In exploring this kind of holistic approach, I make my original contribution to knowledge. I identify a conceptual divide between a faith response to domestic and family violence and a criminal justice response, and consider ways in which to bridge that divide in order to develop a ‘faith-law’ response to domestic and family violence against Christian women. I do this by utilising the theological work of Scottish theologians Thomas F. Torrance and James B. Torrance and synthesising areas of congruence between relevant theological concepts and those within the criminal justice system and socio-legal theory. In doing so, I theorise domestic and family violence against Christian women holistically, bringing together epistemology and ontology into an ‘onto-relational’ conceptualisation as per the theological method of the Torrances, which aligns with holistic developments in socio-legal theory. I utilise the lens of the ‘sacrifice zone’ to examine what happens to Christian women as a result of the violence they experience and explore correctives. My research establishes that holistic understandings of justice better incorporate and give expression to religious beliefs in responses to domestic and family violence.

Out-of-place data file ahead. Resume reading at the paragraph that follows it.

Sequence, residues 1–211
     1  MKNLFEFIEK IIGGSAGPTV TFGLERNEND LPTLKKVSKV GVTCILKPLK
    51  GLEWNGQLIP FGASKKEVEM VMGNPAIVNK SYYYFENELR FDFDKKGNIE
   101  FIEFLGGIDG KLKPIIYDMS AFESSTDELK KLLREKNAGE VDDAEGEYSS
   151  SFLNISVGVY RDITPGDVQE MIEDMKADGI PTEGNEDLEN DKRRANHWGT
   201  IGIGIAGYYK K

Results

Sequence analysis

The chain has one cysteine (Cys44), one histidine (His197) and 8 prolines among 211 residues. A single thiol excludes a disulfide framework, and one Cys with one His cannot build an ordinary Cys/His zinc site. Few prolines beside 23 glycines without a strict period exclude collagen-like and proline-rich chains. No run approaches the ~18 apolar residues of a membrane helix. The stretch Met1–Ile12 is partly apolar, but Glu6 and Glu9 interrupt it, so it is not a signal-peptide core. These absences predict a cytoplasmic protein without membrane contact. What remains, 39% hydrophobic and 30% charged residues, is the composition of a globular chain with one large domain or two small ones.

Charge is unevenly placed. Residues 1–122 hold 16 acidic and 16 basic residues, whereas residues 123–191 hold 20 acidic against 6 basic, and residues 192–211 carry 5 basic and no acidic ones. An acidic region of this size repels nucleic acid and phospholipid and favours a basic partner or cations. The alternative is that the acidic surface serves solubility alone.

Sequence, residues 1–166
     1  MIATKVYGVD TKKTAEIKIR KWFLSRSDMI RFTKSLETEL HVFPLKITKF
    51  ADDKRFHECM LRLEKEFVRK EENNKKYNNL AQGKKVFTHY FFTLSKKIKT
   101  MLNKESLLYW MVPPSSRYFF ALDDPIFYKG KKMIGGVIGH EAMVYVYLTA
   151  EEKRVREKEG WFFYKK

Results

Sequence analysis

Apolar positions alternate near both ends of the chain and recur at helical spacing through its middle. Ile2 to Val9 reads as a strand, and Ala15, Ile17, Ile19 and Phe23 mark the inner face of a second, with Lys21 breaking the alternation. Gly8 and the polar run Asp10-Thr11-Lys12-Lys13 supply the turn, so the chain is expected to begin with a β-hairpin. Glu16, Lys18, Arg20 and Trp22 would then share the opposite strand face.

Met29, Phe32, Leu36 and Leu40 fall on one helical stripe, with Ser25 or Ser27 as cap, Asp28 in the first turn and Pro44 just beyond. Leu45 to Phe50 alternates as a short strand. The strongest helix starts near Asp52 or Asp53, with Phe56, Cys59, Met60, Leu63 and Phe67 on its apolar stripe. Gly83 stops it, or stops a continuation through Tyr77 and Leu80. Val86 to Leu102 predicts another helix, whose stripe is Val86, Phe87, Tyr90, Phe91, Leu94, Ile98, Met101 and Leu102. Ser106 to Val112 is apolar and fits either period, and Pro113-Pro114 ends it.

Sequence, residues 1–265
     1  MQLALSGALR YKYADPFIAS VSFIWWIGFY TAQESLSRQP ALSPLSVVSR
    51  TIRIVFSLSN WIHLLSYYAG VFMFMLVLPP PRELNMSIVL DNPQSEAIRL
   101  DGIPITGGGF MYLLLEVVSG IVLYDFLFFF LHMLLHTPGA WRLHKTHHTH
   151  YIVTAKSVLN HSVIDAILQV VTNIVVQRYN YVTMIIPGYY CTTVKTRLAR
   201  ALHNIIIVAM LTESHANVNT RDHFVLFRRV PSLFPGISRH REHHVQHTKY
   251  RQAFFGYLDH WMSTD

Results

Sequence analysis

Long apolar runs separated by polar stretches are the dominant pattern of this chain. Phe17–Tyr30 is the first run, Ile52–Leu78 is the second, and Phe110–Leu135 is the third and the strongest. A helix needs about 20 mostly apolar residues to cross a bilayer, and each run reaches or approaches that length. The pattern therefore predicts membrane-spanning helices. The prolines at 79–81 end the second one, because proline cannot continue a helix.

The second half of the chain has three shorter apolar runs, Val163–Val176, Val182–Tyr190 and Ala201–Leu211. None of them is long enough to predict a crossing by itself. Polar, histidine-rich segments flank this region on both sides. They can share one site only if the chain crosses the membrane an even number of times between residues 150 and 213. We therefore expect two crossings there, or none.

My thesis takes the discussion into a neglected space, offering significant theory resources and theological resources and a depth of possibility to this discourse. It enables relevant faith norms and law to be viewed in an interrelated way. It provides a theoretical foundation for integrated practices which build on current best practice collaborations between human service workers and church leaders by explicitly extending faith considerations to criminal justice responses, and vice-versa. This enables theological and legal understandings of justice to be brought to bear in a faith-law response to domestic and family violence against Christian women which holds deeply grounded restorative potential.